Reflection by Rev. Diane Rollert, 19 June 2016
Last Sunday, as I was preparing to come to church, I heard the first news reports of a fatal shooting in a nightclub in Orlando FL. At that particular moment, I didn’t know any details. The numbers were still vague. I made a call, a decision, that I wouldn’t say anything during our service. I hesitated because I still didn’t know enough about what was happening. I also hesitated because, over the years, when I have responded to shootings in the United States, I have been reminded that we are in Canada and these are US problems and concerns. I have been reminded that there are people dying from violence every day in many other places in the world.
I didn’t know early last Sunday morning that this would be a tragedy that would shock the whole world. We’ve gotten numbed by the mass shootings that happen all too frequently in the US. It’s become expected, as something simply accepted as part of daily life there. But by the time I got home Sunday afternoon, the world was reeling with the brutal reality of what had happened at the Pulse nightclub.
The tragedy in Orlando has touched us all. The vigils across the entire world are testament to the deep pain so many of us feel. This tragedy reminds us of all that needs to be changed and healed in this world. It is a tragedy that has had a devastating effect on many communities — LGBTQ communities, Latino communities, Muslim communities and so many others.
It is frightening and heartbreaking to imagine that our safety and the safety of our loved ones can be violated so brutally. As I check in with my friends and congregants who are queer, I realize that this tragedy has struck them to the core in a way that I cannot fully understand. I am a heterosexual woman. I have never lived with fear about holding the hand of the one I love in public. I’ve never known what it is to be rejected by my family, my faith or my community because of my sexual orientation or sexual identity. Places like the Pulse nightclub are meant to be safe spaces for a community of people who are often unable to be fully themselves anywhere else. Even as equal marriage is now legal in Canada and the US, we still have a very long, long way to go.
Yesterday, these words, from an op ed piece by Gary Branum in the New York Times, really gave me pause. He writes,
“When word surfaced that the Orlando shooter had frequented gay bars and dating apps, some speculated that he might have been doing research to plan his attack. Gay people understood the other very real possibility, that the attacker might be a man with homosexual desires whom society had filled with so much secret shame that he would do anything to prove his distance from the gay world. It’s a tragic, complex truth that means however revolting I find him, I also have sympathy for the ways shame and the inability to live honestly may have twisted this man into a murderer.”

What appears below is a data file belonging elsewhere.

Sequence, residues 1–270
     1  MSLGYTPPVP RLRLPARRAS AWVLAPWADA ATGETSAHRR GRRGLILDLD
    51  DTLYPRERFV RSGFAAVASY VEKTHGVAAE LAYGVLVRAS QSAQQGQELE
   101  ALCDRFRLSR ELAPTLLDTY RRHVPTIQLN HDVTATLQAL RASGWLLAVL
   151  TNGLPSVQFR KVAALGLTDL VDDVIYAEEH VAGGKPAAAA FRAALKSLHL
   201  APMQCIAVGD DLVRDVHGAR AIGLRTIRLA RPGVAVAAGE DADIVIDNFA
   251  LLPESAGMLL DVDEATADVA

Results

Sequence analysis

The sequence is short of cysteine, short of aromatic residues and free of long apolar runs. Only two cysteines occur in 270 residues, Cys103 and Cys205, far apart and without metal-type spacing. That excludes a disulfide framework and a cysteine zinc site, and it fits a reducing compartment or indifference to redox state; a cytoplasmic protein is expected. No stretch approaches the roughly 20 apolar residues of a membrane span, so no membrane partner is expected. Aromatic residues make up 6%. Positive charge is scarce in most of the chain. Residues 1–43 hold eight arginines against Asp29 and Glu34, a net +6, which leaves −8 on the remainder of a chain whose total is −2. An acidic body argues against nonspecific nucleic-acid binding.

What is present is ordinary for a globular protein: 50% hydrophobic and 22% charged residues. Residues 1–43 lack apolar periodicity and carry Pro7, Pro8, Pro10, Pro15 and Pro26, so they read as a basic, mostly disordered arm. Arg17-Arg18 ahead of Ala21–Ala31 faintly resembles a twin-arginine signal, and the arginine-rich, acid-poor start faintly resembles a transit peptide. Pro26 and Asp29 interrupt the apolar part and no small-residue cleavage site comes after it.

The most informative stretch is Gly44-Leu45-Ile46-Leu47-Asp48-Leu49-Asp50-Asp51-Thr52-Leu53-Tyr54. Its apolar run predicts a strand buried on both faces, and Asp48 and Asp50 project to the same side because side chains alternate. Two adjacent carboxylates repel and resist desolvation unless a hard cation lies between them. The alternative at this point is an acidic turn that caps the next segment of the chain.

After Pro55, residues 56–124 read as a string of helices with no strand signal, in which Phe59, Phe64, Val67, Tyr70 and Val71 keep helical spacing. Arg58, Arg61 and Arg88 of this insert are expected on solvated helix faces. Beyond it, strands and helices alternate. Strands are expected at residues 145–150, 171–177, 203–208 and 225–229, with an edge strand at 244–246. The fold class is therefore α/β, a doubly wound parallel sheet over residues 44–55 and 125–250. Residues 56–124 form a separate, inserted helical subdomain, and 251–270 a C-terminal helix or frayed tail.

We, even in this liberal religious community, need to look at ourselves honestly and ask ourselves if we sometimes unknowingly contribute to that kind of shame.
So, I want to say to all of you who are gay, lesbian, bisexual, trans, or queer, we love you. You are an integral part of our community. You are our leaders, our friends, our companions in times of joy and sorrow, our fellow worshippers. You bring a richness to our community that I and others may too often take for granted. I want you to know that we grieve with you in this time when you are feeling most vulnerable. May we reach out to each other to sow the seeds of trust, acceptance, affirmation and love.
I light this candle in remembrance of the 49 lives lost in Orlando last Sunday and for the many lives devastated by the massacre.
I invite you to join me in a responsive reading, adapted from a reading by Rabbi Roland B. Gittlesohn, adapted by our guest Rev. Fred Cappuccino, with a few additional adaptations from me.
In the majestic rising and setting of the sun,
we will remember with love the fallen in Orlando.
In the bursting buds of balsam fir,
and in the rebirth of spring, we will remember them.
In the blue of the vaulting firmament,
and in the warmth of summer, we will remember them.
In the softly falling leaves of red maple and yellow birch,
and in the beauty of autumn, we will remember them.
In cold wind wafting through the weeping willows,
and in the chill of winter, we will remember them.
Our hearts cry out in anguish and in compassion
for loved ones left behind — we remember them also.
All those lost to us through violence and hatred,
suddenly taken from our midst because of who they love
— we will remember them.
We bemoan the blindness of those duped by the for-profit gun lobby,
and those who would use the action of one to accuse an entire people,
and those who cannot see that hatred begets only hatred —
and that only love can beget love.
May all our eyes open to appreciate
the beauty of — and the joy of — universal love and community.
And when we are spinning yarns, and laughing around the table,
the Orlando fallen will laugh with us, and we will remember them.
For as long as we shall live, they too shall live,
for they are now a part of us, and down through the passing years,
we will remember them.
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